Depending on the type of meter (pin or pinless), either the naturally-occurring chemicals or minerals or the wood’s density can affect the accuracy of the moisture measurements.
Pin-Type Moisture Meters
Pin-type meters are more sensitive than pinless meters to naturally-occurring chemicals and minerals in the wood and wood temperature variations. A quality pin-type meter should always come with temperature correction charts. These are especially important when conducting moisture tests on wood that hasn’t been stored at room temperature.
Pin-type meters are also sensitive to the wood’s chemical makeup, which varies according to species. Therefore, pin-type meters should require the user to input the wood species before taking a moisture reading.
Pinless Moisture Meters
Pinless meters are more sensitive to differences in wood density (or specific gravity). Since density varies according to wood species, pinless meters require the user to set the meter to the correct average specific gravity before taking a measurement.
Wagner’s pinless moisture meters allow you to set the specific gravity from .20 to 1.0 easily. This range allows you to measure the moisture content of nearly every currently known wood species, including softwoods and temperate and tropical hardwoods.
What’s Your Targeted Wood Moisture Level?
For nearly all interior wood applications (and even some outdoor ones), wood needs to be dried to a moisture content appropriate for the environment where it will ultimately be used. The target moisture content will depend on how the wood will be used and the average RH at the location where the wood will be used.
According to Dr. Gene Wengert, Professor Emeritus at the University of Wisconsin-Madison, wood should be dried to a moisture content that’s within 2 percentage points of the EMC of the location where it will be used. Targeted moisture content will vary from region to region.
The average RH in most homes and offices in the U.S. — except for coastal regions and dry areas like the desert Southwest — is between 30% and 40%. This means the EMC ranges from 6.2% to 7.7%. In other words, wood in interior locations will equilibrate in this range.
Therefore, lumber intended for interior use should be dried to a moisture content of approximately 6% to 8% and kept at this moisture content both before and during manufacturing.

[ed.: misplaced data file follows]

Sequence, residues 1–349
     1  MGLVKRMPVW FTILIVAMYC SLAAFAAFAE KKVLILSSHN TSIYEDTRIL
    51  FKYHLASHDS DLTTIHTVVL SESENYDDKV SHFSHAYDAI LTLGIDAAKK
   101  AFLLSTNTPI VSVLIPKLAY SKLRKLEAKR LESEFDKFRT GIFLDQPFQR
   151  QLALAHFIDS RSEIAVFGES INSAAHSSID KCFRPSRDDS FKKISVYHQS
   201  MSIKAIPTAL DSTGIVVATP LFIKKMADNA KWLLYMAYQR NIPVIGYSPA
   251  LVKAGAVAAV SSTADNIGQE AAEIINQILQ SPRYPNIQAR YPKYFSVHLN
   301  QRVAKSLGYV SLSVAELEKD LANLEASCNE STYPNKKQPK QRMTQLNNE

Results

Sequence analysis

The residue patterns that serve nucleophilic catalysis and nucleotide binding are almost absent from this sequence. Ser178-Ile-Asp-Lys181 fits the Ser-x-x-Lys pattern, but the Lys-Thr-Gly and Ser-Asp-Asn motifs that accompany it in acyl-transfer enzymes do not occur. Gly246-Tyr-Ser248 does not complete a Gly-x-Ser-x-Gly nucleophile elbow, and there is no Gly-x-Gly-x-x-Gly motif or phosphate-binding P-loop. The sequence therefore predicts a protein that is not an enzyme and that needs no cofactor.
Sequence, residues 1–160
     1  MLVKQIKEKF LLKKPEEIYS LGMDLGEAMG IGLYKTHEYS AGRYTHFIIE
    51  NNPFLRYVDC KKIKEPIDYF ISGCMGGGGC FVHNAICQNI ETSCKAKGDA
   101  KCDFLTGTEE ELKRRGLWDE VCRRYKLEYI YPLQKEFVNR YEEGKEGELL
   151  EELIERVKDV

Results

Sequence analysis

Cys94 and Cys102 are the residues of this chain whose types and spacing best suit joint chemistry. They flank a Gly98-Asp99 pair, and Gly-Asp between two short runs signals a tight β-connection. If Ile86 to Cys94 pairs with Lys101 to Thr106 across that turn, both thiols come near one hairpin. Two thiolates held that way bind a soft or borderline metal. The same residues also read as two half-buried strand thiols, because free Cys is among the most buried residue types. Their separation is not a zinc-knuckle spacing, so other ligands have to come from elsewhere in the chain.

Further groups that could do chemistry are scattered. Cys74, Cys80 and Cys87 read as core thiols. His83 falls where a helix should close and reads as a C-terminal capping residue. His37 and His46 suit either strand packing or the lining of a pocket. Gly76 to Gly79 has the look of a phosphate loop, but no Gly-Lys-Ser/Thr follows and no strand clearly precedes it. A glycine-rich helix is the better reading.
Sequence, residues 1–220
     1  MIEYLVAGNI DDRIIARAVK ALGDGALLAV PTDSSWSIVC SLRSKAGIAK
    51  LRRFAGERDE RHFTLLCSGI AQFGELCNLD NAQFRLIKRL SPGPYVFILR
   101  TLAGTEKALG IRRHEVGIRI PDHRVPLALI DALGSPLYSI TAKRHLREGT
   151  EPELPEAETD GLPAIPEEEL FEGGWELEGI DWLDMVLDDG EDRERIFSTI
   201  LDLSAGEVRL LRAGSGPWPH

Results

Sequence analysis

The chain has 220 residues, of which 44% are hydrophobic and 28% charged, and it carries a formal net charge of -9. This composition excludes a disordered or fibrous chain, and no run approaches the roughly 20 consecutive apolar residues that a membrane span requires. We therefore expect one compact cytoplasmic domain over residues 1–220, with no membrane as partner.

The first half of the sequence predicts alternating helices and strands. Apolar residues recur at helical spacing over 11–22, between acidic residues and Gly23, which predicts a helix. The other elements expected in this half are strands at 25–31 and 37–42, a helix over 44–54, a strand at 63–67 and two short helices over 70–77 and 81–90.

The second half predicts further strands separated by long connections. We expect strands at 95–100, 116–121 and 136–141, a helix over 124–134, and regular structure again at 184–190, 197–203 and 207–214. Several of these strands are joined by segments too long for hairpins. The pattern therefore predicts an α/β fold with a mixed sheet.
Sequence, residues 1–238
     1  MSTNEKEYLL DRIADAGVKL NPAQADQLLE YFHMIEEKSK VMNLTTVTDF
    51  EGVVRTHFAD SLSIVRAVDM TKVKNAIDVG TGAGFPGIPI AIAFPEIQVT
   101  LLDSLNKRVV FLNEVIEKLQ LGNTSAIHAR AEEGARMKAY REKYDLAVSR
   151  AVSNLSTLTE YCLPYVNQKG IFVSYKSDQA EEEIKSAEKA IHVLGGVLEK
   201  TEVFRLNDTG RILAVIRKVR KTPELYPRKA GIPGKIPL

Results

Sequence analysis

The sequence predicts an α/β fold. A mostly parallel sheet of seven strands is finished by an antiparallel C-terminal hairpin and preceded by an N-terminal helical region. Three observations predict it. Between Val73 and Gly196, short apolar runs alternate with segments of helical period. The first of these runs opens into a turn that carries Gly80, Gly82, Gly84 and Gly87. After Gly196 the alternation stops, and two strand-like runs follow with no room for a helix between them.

Free Download – Is a Pin or Pinless Moisture Meter Best For You?
Can a Moisture Meter Be Wrong?
Well, a moisture meter can be wrong depending on the type of moisture meter (pin-type or pinless), the quality, and how it’s used. Even the best moisture meters can produce inaccurate readings if the meters aren’t used properly.
You won’t get an accurate reading if your digital moisture meter isn’t calibrated. Therefore, all wood moisture meters must be calibrated before use. All Wagner moisture meters are factory-calibrated and ready to be used.
Accuracy of Pin-Type Moisture Meters
Because pin-type moisture meters are sensitive to variations in temperature, they should always be used with temperature correction charts.
Pin-type moisture meters are also sensitive to the chemical makeup of wood, which varies from species to species. Therefore, all pin-type wood moisture meters should ask the user to input the type of wood before taking a reading.
Failure to account for temperature variations and a wood’s chemical makeup will reduce the accuracy of even the best pin-type moisture meters.
Accuracy of Pinless Moisture Meters
Pinless moisture meters are sensitive to variations in wood density (also known as ‘specific gravity’). Therefore, they need to be set to the proper wood density before taking a moisture reading. Obviously, if the user fails to do this, the reading won’t be accurate.
Wagner’s Orion series of meters are the most accurate wood moisture meters on the market. They allow you to set the wood density to accurately measure every wood species. This includes both tropical and temperate hardwoods as well as softwoods.
What Is a Normal Moisture Reading?
However, in high humidity coastal regions or other locations near large bodies of water this range may be extended to 10%.
Wood musical instruments, microphones, bowling pins, and other specialty items made of wood usually require a wood moisture reading of 6-9%.
The moisture content typically ranges from 6-8% for hardwood floors. When installing hardwood floors, check the moisture content of the finished hardwood and the wood subfloor. Depending on the finished hardwood’s width, the hardwood flooring’s moisture content must be within 2-4% of the subfloor moisture level.
The moisture content of lumber used for framing, exterior construction, and exterior furniture usually ranges from 12-19%. Anything above 19% is susceptible to mold and decay.
Remember, wood experts, say that moisture is to blame for at least 75% of all failed wood projects. In other words, the wood was either too wet or too dry.
Whatever the type of wood or project, a quality moisture meter will allow you to ensure that your wood is dried to the correct moisture content level before use.
Our Orion 950 Smart Pinless Wood Moisture Meter is the best in the industry and trusted by professionals. It comes with Bluetooth, an app for your smart device, an RH sensor, and an EMC calculator.
If you want to learn more about our wood moisture meters you can review our Wood Moisture Meter Studies and Peer Reviews.
Find out why it’s important to know the correct moisture content for your woodworking projects.
As Sales Manager for Wagner Meters, Ron has more than 35 years of experience with instrumentation and measurement systems in different industries. In previous positions, he has served as Regional Sales Manager, Product and Projects Manager, and Sales Manager for manufacturers involved in measurement instrumentation.
Last updated on February 19th, 2024